Use this URL to cite or link to this record in EThOS:
Title: The development of a human factors tool for the successful implementation of industrial human-robot collaboration
Author: Charalambous, George
ISNI:       0000 0004 5355 4138
Awarding Body: Cranfield University
Current Institution: Cranfield University
Date of Award: 2014
Availability of Full Text:
Access from EThOS:
Access from Institution:
Manufacturing organisations have placed significant attention to the potential of industrial human-robot collaboration (HRC) as a means for enhancing productivity and product quality. This concept has predominantly been seen from an engineering and safety aspect, while the human related issues tend to be disregarded. As the key human factors relevant to industrial HRC have not yet been fully investigated, the research presented in this thesis sought to develop a human factors tool to enable the successful implementation of industrial HRC. First, a theoretical framework was developed which collected the key organisational and individual level human factors by reviewing comparable contexts to HRC. The human factors at each level were investigated separately. To identify whether the organisational human factors outlined in the theoretical framework were enablers or barriers, an industrial exploratory case study was conducted where traditional manual work was being automated. The implications provided an initial roadmap of the key organisational human factors that need to be considered as well as the critical inter-relations between them. From the list of individual level human factors identified in the theoretical framework, the focus was given on exploring the development of trust between human workers and industrial robots. A psychometric scale that measures trust specifically in industrial HRC was developed. The scale offers the opportunity to system designers to identify the key system aspects that can be manipulated to optimise trust in industrial HRC. Finally, the results were gathered together to address the overall aim of the research. A human factors guidance tool was developed which provides practitioners propositions to enable successful implementation of industrial HRC.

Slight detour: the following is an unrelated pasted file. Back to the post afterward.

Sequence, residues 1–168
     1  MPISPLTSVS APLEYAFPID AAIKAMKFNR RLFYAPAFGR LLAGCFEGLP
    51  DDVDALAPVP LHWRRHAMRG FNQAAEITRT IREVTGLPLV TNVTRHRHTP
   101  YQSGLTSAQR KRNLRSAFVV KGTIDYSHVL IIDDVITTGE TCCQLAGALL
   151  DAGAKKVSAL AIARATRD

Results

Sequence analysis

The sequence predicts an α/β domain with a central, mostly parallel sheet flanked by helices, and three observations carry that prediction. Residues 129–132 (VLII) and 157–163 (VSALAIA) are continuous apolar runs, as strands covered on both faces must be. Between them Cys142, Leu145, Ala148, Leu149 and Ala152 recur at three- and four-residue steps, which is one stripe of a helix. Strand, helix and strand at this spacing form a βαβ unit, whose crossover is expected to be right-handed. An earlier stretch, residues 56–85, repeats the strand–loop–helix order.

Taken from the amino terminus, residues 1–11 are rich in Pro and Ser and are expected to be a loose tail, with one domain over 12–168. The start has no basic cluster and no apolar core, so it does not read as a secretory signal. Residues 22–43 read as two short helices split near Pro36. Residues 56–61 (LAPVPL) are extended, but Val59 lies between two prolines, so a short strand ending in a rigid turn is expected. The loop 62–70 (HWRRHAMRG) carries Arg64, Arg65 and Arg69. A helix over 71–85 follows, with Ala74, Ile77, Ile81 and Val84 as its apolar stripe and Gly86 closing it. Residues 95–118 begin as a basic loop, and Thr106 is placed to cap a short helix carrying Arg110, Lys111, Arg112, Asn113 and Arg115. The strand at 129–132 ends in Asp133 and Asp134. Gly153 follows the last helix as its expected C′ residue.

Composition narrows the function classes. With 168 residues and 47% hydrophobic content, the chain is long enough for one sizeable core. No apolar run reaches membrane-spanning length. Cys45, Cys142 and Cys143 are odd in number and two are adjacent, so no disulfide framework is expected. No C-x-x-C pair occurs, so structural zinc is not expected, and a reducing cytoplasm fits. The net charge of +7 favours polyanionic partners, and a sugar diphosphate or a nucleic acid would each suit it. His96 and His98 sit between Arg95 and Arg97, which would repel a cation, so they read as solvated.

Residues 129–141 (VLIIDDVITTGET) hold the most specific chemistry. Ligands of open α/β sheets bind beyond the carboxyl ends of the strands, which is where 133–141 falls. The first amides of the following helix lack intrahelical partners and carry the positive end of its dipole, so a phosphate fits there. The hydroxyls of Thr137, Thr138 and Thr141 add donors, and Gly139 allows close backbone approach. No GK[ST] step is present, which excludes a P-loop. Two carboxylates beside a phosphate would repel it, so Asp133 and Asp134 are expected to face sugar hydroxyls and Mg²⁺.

Supervisor: Fletcher, Sarah R. Sponsor: Not available
Qualification Name: Thesis (Ph.D.) Qualification Level: Doctoral
EThOS ID:  DOI: Not available
Keywords: Organisation ; workforce acceptance ; trust ; scale ; scale development ; qualitative analysis ; quantitative analysis ; factor analysis ; reliability analysis